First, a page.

The accumulation of money is largely due to the pandemic, which has done people are wary of their health and finances and have retained many of their usual spending habits, said Ken Tumin, a banking expert at DepositAccounts.com, a bank account comparison site.
Here’s what to keep in mind when looking for a place to store your emergency savings.
Traditional savings accounts
That’s not much of a return. But for many savers in this ultra-low environment, the benefit that traditional savings accounts offer is convenience.
Although both traditional and online savings accounts are FDIC insured, the availability of branches in traditional banks makes it easier to do things like cash – something that is harder to do with online savings accounts.
But large banks tend to charge higher monthly fees.
And those fees can be added, said Stephen Chow, a certified financial planner at Know Your Worth Financial in Tempe, Arizona.
“The interest rate difference in this environment will not exceed the cost of a few fees,” Chow said.
Online savings accounts
“They are FDIC insured and you can keep your existing check account,” he said.
“Prices are over 1% now, but rates on online savings accounts are falling,” Tumin said. “I wouldn’t be surprised if they fall to 1%.”
At 1%, if you deposit $ 10,000, this is the difference between the profit of $ 100 per year if the exchange rate remains unchanged in online banking against $ 1 at the end of the year from a traditional savings account offering 0.01%.
“It’s not a great return, but it’s better than nothing for funds that need to remain liquid for any needs that may arise,” said Ryan Watermiller, a certified financial planner at Ankeny Financial Planning in Iowa.
Just be sure to read the fine print: Some online accounts charge a fee if you have not made a deposit or withdrawal within a certain number of months or if the balance falls below a certain amount. And there are some accounts that function as a certificate of deposit, charging a penalty for closing the account before a certain period of time.
Alternatives to savings accounts
CDs: Another safe place to deposit your money is a certificate of deposit or CD. It is similar to a savings account because it is federally insured, but you agree to leave your money there for a period of time, such as six months, a year, five years or even longer. You usually earn more interest the longer your money is deposited.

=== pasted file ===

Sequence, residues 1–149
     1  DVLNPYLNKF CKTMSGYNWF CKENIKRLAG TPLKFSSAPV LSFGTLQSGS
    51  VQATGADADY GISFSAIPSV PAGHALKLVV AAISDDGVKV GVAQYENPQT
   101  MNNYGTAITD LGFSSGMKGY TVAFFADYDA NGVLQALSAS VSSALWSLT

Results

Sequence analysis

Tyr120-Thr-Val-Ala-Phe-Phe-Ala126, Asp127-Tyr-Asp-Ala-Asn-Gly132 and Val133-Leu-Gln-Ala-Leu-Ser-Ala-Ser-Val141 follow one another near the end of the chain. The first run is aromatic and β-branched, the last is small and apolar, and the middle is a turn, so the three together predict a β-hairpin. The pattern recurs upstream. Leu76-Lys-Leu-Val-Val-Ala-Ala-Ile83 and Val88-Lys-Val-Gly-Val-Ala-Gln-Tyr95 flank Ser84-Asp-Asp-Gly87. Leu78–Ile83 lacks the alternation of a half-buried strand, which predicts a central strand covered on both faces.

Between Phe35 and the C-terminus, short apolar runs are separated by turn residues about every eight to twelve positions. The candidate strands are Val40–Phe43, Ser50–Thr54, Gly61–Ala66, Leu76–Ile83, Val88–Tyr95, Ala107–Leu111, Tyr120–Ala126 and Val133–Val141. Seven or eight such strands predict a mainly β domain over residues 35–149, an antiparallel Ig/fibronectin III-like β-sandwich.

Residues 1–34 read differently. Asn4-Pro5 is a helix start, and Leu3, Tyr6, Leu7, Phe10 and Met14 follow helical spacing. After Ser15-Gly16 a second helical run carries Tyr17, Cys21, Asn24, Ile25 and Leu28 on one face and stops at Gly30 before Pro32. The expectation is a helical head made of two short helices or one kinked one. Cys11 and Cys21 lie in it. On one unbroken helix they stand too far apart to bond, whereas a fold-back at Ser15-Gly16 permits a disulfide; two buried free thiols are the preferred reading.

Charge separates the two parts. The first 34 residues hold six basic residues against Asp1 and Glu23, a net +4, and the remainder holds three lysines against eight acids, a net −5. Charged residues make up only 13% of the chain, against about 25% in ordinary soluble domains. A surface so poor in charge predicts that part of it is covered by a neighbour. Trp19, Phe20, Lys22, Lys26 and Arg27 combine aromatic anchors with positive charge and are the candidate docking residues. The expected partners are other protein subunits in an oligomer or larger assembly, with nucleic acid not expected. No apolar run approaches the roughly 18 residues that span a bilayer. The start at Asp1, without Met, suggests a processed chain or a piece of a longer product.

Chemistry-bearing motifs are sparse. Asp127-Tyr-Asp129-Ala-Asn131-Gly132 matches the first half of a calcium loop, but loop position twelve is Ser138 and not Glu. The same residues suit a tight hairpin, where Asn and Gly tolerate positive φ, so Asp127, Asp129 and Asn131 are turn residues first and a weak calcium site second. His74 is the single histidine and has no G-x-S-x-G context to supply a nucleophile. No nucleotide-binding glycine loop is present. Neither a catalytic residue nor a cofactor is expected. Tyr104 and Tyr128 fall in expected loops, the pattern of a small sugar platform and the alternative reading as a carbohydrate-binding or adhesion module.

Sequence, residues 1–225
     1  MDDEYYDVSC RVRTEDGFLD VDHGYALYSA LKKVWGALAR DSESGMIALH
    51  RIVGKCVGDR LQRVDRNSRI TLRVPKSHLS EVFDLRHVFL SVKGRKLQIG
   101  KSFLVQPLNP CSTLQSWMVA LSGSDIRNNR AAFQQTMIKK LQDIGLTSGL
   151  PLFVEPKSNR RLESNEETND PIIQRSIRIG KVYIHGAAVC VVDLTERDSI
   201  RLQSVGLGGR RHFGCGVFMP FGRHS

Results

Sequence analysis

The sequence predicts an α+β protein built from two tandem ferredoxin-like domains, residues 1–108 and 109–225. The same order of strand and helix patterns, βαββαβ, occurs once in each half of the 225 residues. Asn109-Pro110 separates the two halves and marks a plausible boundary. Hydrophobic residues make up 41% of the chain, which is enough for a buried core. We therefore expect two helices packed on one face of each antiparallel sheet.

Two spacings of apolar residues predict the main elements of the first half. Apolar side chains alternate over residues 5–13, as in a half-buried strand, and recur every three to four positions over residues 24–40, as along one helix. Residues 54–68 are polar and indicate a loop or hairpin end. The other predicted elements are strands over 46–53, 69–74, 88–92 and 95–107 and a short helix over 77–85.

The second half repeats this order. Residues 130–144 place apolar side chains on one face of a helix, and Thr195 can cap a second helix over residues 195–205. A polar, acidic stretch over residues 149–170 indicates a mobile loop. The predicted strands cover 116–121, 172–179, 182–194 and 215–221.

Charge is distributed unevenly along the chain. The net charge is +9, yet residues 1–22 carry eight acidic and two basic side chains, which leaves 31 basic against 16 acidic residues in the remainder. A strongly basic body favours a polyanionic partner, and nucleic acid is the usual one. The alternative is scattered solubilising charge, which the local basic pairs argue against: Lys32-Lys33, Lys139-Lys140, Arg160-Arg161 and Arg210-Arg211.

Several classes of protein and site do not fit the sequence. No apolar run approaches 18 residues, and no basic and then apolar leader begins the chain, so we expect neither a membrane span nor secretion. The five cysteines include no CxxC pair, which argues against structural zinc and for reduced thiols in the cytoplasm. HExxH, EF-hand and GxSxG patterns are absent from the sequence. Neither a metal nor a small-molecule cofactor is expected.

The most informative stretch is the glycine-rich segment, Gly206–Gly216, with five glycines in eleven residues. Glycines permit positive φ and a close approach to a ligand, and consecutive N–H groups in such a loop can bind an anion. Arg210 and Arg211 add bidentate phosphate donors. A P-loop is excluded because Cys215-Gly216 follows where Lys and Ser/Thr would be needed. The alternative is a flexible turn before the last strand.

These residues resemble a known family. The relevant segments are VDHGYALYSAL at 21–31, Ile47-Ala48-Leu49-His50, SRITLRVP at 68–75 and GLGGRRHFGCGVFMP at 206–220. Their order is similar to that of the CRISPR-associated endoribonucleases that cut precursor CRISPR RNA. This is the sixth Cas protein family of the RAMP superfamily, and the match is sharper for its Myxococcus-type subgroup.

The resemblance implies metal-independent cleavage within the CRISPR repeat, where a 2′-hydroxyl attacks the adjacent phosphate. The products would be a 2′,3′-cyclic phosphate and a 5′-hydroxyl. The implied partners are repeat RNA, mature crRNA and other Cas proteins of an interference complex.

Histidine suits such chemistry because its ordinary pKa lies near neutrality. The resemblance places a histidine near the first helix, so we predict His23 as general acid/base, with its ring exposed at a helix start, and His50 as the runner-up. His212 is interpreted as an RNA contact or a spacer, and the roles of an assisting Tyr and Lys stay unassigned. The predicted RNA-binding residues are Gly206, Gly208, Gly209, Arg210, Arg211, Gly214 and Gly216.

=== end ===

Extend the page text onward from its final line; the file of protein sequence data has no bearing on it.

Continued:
But, as with savings accounts, the interest is not much.
“Because the frequency of CDs has dropped so much, it’s not a good time to lock up right now,” Tumin said. “There are already several online banks that are reducing the levels of their 5-year CDs so low that they are lower than their savings account rates.”
But, he said, if you already have a CD ladder in which mature CDs are transferred to new CDs, stick to it.
However, before you automatically roll over with your current bank, shop, he said.
“Even online banks are reducing CD rates for all time, but not for all, he said. – Your bank may be the one that lowers interest rates and you may get a better interest rate elsewhere. Look around. You don’t want to conclude with a very low percentage if you can find something better. “
Money market accounts: Money market accounts, which typically earn higher percentages than savings accounts, may allow checking or debit cards and may require a higher minimum deposit.
But there may be some fees. Some money market accounts may have monthly fees, fees for inactive accounts or other fees for non-compliance with the bank’s specifications.
Checking high-yield accounts: High-yield checks, sometimes called remuneration checks, are usually offered by community banks or credit unions and offer rewards for meeting specific account requirements.
Most have no fees, but you must meet the requirements to earn a high interest rate.
“Checking payroll accounts can at least provide a way to earn some interest right now in an environment where rates are low and will remain low for a while,” Tumin said.